Biogen agrees to pay $900 million in largest FCA Settlement Ever Secured without Government’s Intervention

October 2, 2022By Faraz Siddiqui & Jeffrey N. Wasserstein

On September 26, 2022, Biogen Inc. agreed to pay $900 million to the United States and various states to settle a False Claims Act (FCA) lawsuit.  This lawsuit was brought to the U.S. district court of Massachusetts by former employee and whistleblower Michael Bawduniak in April 2012 as a qui tam action. See United States ex rel. Bawduniak v. Biogen Idec, Inc., No. 12-cv-10601-IT (D. Mass.). Mr. Bawduniak alleged that, between 2009 and 2014, Biogen paid illegal kickbacks to its largest prescribers to induce them to prescribe the company’s multiple sclerosis drugs, Avonex, Tysabri and Tecfidera, and discourage them from prescribing newer competitor products. This settlement is the largest ever FCA settlement secured without the intervention of the United States.

Biogen first disclosed this tentative agreement in a quarterly earnings report in July of this year. In a statement, the company denied all allegations raised in the case, saying that it believed its intent and conduct to be at all times lawful and appropriate. The company did not accept any admission of liability as part of the settlement.

For several years now, the U.S. Department of Health and Human Services (HHS) and the Department of Justice (DOJ) have aggressively pursued antikickback cases in the healthcare industry. As many of our readers know, the federal antikickback statute prohibits offering or paying healthcare professionals (HCPs) anything of value as an inducement or reward for ordering or prescribing an item or service reimbursable by federal health care programs. See 42 U.S.C. § 1320a-7b(b). HHS noticed an increasing trend of illegal kickbacks in connection with speaker programs and in November 2020, the Office of Inspector General issued a Special Fraud Alert on the topic. The Alert described several factors that could potentially violate the antikickback statute. For example, the government closely scrutinizes speaker programs or trainings that involve lavish venues or meals and free alcohol, invite attendees with no legitimate business reason to attend, and present little substantive information to them.  The government also suspects violative conduct if the speakers, attendees, or consultants are selected based on the volume of their past prescriptions of the company’s products or their expected future prescriptions.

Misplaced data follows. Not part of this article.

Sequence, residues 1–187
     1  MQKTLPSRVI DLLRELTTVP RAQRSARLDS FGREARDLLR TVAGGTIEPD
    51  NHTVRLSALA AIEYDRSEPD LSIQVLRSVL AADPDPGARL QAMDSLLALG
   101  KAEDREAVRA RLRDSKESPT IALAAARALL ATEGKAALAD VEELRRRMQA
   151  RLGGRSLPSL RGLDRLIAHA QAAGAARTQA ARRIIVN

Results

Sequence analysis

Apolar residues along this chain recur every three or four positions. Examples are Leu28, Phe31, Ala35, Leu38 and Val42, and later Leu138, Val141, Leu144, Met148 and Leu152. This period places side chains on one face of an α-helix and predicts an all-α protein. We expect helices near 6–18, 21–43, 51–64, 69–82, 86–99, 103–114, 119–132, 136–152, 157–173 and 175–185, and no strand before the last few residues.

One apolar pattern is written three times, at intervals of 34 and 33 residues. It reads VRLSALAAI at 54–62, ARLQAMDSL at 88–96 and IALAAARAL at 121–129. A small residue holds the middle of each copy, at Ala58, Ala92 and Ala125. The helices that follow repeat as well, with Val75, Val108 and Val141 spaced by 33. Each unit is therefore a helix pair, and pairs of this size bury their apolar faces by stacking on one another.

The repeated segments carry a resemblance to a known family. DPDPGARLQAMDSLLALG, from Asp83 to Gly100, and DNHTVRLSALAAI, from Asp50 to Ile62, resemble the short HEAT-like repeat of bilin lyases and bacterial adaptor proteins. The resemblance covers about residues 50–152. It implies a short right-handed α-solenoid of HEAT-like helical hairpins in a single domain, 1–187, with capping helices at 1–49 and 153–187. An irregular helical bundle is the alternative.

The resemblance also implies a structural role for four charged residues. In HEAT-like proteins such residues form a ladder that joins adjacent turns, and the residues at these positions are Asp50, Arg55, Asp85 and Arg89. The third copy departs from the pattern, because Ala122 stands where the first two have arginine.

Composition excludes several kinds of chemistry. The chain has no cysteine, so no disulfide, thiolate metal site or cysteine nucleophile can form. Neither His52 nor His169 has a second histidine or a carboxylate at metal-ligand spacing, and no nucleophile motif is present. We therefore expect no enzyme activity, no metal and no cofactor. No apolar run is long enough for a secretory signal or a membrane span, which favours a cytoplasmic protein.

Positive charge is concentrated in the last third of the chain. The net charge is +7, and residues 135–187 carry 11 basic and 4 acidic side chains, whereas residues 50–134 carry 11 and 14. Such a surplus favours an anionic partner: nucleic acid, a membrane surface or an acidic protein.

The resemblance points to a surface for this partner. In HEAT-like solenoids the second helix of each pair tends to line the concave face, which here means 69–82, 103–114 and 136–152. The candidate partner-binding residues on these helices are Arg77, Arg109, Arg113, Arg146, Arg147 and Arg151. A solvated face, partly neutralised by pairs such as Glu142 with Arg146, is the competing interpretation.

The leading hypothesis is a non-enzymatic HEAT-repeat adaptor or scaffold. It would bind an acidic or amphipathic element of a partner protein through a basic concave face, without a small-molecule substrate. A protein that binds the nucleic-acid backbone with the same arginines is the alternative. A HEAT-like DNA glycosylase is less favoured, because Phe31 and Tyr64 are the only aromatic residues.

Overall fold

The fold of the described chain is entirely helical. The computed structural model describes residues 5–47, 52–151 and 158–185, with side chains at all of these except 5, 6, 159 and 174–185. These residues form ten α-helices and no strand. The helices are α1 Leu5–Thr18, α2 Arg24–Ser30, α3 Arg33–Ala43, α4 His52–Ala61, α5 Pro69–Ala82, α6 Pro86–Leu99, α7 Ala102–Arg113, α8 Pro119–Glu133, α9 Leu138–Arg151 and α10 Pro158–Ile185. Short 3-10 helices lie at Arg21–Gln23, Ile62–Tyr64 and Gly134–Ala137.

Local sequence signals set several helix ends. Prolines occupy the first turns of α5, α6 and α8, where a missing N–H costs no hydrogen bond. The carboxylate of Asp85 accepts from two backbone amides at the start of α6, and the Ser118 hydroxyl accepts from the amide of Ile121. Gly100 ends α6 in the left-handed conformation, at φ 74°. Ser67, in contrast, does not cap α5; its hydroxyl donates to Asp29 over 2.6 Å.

Biogen allegedly paid kickbacks in the form of honoraria, speaker training fees, consulting fees, and for meals to HCPs who spoke at or attended Biogen’s speaker programs, speaker trainings, or consulting programs.  The relator claimed that his secretly recorded conversations confirmed that Biogen deliberately compensated some of its most important prescribers “to influence their prescribing and to ensure that they remained loyal Biogen customers.” Mr. Bawduniak claimed that these events were held at “sumptuous resorts and restaurants” and involved “lavish meals and free alcohol.” Biogen supposedly paid doctors for services that had no legitimate business purpose and no demand from doctors, and were unlikely to be conducted. For example, he claimed that Biogen paid “hundreds of customers” and HCPs for consulting advice on topics that the company did not need, never intended to use, could not use, or for which Biogen already had all the information it required. The company also allegedly paid its speakers and consultants above the fair market value for their services by, for example, automatically adding compensation for three hours of travel time even when an HCP did not have to travel to get to a speaking event.

After the OIG Special Fraud Alert, the Pharmaceutical Research and Manufacturers of America (PhRMA) updated its Code on Interactions with Health Care Professionals to offer updated guidance on speaker trainings, speaker programs, meals, and gifts. Today, these two documents are key in navigating speaker programs in the industry.